Does your horse tend to slowly plod forward with his head and neck drooped somewhat? Are his muscles relaxed and loose? If so, clearly your horse is not apprehensive about you or the ride ahead of him, nor is he testing your authority. He's just bored and wants to get the whole ordeal over with, so he's not paying proper attention to your status or your cues.

The fourth example improper training is often the most difficult to determine since the behavior can mimic any of the above. Some horses that were improperly trained may bolt on you while others may walk off in a seemingly bored manner. Let me provide a personal example.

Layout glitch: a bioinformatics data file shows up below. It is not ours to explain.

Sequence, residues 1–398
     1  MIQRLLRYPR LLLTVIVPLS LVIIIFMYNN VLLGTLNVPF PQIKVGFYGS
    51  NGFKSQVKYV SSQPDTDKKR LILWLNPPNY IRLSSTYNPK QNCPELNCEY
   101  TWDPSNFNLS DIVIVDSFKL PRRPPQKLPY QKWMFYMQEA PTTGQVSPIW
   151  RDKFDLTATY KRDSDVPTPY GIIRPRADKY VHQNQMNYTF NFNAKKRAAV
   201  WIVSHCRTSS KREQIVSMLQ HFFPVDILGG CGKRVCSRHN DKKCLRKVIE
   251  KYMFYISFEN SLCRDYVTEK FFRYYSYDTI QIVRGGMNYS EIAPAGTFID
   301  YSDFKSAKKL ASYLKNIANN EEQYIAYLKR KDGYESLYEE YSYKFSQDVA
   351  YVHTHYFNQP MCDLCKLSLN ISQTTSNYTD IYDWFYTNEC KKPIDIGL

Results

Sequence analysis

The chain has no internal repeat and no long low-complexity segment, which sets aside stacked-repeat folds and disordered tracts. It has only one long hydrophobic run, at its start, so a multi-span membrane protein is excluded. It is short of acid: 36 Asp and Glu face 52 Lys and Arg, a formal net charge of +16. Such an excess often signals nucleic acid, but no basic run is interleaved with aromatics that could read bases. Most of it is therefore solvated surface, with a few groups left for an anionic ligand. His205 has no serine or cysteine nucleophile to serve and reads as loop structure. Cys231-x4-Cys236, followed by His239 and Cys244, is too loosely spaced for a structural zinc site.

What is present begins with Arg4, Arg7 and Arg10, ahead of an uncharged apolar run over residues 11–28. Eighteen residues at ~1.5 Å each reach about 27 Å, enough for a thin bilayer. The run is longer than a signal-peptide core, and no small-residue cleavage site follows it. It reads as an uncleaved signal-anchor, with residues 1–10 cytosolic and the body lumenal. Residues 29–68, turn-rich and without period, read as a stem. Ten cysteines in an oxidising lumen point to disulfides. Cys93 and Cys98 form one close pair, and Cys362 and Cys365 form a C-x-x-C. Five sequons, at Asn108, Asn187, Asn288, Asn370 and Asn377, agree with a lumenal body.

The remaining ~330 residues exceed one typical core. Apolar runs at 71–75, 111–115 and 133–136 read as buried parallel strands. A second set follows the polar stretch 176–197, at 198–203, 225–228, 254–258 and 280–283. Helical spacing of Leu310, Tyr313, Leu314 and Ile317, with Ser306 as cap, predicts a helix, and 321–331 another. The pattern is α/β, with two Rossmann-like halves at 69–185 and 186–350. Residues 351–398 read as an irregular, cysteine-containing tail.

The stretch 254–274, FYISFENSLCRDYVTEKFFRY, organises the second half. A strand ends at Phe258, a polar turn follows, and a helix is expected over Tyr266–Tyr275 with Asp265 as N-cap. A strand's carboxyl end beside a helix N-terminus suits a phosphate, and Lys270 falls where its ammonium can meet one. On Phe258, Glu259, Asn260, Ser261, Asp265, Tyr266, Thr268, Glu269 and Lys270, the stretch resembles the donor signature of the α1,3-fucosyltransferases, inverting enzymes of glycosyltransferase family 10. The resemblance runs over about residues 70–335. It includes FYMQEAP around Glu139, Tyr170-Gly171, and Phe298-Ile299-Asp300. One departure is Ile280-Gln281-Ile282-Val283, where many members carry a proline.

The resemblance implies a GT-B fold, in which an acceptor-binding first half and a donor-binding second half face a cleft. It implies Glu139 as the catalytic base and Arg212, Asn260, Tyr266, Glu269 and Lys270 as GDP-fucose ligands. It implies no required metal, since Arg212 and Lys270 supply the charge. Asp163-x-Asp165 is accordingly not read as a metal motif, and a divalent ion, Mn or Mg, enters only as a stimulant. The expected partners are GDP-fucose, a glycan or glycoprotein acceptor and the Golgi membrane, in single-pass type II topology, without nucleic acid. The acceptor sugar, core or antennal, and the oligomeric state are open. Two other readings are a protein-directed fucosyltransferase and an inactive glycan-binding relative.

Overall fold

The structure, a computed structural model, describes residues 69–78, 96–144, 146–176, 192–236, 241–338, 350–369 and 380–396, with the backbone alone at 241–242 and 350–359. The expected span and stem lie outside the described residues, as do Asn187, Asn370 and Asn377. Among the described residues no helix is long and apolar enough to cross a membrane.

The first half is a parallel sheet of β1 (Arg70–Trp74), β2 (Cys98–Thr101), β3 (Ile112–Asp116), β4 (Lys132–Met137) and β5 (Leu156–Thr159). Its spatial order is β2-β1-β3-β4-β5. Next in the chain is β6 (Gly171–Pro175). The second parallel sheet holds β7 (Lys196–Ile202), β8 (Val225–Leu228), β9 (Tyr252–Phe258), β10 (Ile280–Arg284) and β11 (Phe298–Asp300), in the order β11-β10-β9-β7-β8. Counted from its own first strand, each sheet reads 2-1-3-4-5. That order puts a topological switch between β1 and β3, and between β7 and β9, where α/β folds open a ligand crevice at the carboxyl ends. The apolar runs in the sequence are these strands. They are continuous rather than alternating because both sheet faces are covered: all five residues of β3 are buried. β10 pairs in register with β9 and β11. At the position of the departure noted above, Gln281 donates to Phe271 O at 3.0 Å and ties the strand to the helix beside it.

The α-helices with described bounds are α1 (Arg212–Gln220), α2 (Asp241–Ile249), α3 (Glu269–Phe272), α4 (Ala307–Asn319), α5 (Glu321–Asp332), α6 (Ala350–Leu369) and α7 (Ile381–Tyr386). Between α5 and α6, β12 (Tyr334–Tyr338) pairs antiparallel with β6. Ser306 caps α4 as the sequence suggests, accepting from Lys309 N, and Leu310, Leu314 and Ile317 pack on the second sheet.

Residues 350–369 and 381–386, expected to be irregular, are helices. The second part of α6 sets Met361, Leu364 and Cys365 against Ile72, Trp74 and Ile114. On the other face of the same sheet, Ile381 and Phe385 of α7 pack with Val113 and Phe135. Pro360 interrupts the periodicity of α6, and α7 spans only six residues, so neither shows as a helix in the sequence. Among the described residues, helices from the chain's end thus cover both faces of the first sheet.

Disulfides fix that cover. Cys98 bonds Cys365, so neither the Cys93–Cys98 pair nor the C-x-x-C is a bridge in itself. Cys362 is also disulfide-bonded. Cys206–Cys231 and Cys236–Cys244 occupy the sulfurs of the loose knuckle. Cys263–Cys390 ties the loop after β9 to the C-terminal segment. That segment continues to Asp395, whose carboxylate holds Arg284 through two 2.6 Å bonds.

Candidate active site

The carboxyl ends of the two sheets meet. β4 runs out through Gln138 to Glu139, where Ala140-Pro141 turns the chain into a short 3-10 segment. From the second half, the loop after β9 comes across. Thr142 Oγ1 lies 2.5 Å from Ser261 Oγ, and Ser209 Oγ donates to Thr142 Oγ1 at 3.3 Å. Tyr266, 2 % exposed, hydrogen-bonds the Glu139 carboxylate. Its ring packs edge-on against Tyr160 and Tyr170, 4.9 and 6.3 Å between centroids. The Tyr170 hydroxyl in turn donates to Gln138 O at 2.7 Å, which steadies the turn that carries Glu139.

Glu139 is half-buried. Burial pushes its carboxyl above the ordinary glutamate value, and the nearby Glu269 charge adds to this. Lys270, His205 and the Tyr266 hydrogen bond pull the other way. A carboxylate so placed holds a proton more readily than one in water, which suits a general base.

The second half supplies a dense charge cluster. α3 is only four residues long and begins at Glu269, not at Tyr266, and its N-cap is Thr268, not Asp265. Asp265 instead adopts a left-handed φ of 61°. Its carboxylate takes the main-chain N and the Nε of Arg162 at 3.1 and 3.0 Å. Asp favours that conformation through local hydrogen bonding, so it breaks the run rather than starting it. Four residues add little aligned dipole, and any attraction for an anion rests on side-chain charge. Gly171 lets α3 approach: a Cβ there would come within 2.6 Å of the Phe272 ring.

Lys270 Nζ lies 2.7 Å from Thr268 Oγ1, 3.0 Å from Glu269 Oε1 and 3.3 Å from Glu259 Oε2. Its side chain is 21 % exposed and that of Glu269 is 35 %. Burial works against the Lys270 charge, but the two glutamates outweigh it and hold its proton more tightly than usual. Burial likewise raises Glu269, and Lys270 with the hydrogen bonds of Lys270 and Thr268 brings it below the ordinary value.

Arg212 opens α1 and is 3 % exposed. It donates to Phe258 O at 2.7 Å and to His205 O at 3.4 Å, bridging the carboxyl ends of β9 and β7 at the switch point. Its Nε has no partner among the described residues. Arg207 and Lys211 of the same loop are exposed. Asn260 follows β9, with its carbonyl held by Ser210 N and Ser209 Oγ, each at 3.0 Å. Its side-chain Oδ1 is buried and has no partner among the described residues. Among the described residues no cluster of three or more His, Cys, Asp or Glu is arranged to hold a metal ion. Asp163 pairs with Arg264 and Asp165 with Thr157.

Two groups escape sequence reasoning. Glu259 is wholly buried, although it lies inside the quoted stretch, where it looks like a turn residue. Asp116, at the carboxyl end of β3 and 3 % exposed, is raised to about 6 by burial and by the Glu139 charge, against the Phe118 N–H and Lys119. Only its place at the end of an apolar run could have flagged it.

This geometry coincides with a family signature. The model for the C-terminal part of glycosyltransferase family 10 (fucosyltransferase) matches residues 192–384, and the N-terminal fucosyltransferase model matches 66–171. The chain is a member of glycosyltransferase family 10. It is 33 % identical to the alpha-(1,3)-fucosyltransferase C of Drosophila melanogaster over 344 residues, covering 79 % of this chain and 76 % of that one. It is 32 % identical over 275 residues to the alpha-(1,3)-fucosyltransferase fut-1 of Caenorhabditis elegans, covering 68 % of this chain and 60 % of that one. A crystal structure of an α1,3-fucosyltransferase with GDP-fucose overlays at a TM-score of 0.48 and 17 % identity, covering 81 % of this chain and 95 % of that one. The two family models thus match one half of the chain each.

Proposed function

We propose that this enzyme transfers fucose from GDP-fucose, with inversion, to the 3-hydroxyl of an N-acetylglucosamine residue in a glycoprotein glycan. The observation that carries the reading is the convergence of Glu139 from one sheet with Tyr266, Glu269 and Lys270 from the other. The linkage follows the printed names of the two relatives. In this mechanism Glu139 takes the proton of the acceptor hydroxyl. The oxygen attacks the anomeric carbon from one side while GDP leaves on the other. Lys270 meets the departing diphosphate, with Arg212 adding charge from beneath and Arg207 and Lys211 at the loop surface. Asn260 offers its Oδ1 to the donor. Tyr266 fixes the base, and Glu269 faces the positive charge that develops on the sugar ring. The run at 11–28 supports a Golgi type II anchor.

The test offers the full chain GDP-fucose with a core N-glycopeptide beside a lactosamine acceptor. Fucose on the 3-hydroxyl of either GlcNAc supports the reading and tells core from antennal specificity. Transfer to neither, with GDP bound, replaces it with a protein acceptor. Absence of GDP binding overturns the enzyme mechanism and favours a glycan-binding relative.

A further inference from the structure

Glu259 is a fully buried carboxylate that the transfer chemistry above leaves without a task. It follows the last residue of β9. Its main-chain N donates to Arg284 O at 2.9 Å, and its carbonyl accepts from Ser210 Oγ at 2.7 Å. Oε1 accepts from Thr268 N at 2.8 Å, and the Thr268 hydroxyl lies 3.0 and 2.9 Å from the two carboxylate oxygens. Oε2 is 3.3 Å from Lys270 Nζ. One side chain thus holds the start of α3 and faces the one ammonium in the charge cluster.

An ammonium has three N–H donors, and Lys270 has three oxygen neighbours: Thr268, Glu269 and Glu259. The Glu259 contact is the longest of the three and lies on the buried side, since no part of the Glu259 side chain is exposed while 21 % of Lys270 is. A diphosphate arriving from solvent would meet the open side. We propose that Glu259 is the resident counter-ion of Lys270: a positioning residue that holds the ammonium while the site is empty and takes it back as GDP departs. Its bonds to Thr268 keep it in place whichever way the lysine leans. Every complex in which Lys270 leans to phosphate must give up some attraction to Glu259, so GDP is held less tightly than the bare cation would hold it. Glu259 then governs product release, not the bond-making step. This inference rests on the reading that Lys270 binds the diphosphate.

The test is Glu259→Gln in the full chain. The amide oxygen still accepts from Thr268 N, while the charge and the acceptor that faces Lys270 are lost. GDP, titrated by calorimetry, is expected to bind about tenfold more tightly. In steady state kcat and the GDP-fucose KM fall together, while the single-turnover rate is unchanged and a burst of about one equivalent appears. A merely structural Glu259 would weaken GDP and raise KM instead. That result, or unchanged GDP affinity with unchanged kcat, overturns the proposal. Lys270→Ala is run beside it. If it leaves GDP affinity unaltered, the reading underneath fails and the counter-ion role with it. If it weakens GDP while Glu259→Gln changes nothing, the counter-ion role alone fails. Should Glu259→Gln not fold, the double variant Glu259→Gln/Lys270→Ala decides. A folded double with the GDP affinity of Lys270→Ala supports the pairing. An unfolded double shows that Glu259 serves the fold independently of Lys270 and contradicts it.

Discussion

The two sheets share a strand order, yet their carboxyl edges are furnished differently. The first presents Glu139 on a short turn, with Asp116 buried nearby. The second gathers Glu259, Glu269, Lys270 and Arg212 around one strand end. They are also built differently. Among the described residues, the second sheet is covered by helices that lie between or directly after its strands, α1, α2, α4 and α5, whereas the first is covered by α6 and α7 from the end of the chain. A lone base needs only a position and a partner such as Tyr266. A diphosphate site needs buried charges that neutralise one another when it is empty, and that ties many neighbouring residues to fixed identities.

I once owned a Quarter Horse who was an absolute gem; he was one of the most gentle and friendly horses a person could have the pleasure of knowing. Although he did not bolt ahead while the rider was trying to mount, the moment the rider's butt hit the saddle he'd surge forward like he was in the midst of a race. While it was possible to slow him down, the moment you dropped your guard he'd naturally kick into high speed again.

The problem? He was a gentle giant (on second thought, being a Quarter Horse perhaps a more accurate term would be "bulky giant") to be sure, but he was also an ex-barrel racer, and it was immediately clear his former owner knew only one speed: GO! Since the horse didn't have proper training, he was actually uncomfortable going at slower speeds because in the past it was clearly discouraged.